While I still haven't figured out a way to attend the New York Film Festival proper, I was able to watch an in-person interview with Spanish director Pedro Almodovar last week as part of the festivities, regarding the man as he espoused on the connection between motherhood and divas, how he detests fast, slapdash edits and prefers the long takes.
"Cinema helps us to explain ourselves, our troubles, our situation better than our own words," he explained, gushing about American b-movies, Spanish melodramas of the 1950s, and most surprisingly, expressing his lifelong devotion (as "a humble student of") to the film works of Ingmar Bergman and John Cassavetes. Recently re-watching scenes featuring men with great tits snorting heroin amid campy wallpaper, those are not the first two names that spring to mind. (He also mentions Douglas Sirk though, which does make sense).
He then proceeded to show how he paid homage to John Cassavetes' Opening Night (detailing that the film was ravaged by NY critics and only ran in one theater for a week before closing) by lifting a scene from the film for All About My Mother. He then did the same for Bergman, comparing a scene from Autumn Sonata with his own film, High Heels. I kept hoping he would do the same with Billy Wilder's Double Indemnity and Jean Renoir's La bête humaine, since both posters appear in the cinema for a crucial scene from Bad Education, but we would have been there all day.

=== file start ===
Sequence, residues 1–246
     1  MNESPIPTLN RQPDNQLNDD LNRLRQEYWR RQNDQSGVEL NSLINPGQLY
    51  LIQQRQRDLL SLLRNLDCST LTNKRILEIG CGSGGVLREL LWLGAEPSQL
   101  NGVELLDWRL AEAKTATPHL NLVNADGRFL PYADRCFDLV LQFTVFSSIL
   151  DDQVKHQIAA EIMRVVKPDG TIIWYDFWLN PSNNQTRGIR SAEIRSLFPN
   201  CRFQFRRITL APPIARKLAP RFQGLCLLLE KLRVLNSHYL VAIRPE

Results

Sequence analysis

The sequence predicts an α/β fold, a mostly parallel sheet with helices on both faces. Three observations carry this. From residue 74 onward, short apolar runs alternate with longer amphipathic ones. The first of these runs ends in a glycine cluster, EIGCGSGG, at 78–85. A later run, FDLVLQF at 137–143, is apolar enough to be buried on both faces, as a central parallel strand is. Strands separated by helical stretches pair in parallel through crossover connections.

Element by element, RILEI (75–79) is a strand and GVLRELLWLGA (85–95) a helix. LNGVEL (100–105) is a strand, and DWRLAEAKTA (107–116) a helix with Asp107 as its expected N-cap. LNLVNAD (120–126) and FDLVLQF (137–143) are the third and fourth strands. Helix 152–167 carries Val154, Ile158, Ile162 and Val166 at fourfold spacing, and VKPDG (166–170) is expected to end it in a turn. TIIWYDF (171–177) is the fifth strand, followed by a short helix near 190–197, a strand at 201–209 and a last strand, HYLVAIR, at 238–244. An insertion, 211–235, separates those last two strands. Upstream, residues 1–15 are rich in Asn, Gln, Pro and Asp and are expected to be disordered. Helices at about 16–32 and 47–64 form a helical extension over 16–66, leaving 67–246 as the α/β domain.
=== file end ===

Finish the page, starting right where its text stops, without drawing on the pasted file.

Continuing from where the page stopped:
Wednesday, October 14, 2009


Nearly two years ago, I wrote an appreciation on the films of John Cassavetes for the Idolator website, focusing on this curious soundtrack I found for his 1967 film, Faces. In it, I lamented that one of my favorite Cassavetes films, 1970's Husbands, remained out of print, never ever released on DVD. Thankfully, that has finally been rectified (though seriously, it's time to get the man's swan song, Love Streams, out in the 21st century). To celebrate, I am re-posting this sodden, totally ridiculous mess of an interview (prank?) between Dick Cavett and the film's stars.

Thursday, October 01, 2009

Linda Perhacs video interview

Funny how things work. Last October, I found myself in Los Angeles interviewing the lovely Linda Perhacs (I also found myself in a four-hour traffic jam...but I digress). A year on, I get an email stating that the video interview I conducted with Linda Perhacs is now streaming over at Anthology. Watch me scratch my beard and nod my head in her presence. And via serendipity, I will be back out west for her first-ever performance!

beta's mess

Random things I've lost recently:
  • the packaging for the new Tinariwen CD (scant seconds after importing)
  • headband (for gym purposes)
  • checkbook for writing the rent check
  • Boney M's Love for Sale long-playing record
  • power cord for a Chinese DVD player
  • a journal dated April 17, 2003 through August 25, 2003
  • Yasujiro Ozu's Late Ozu DVD box set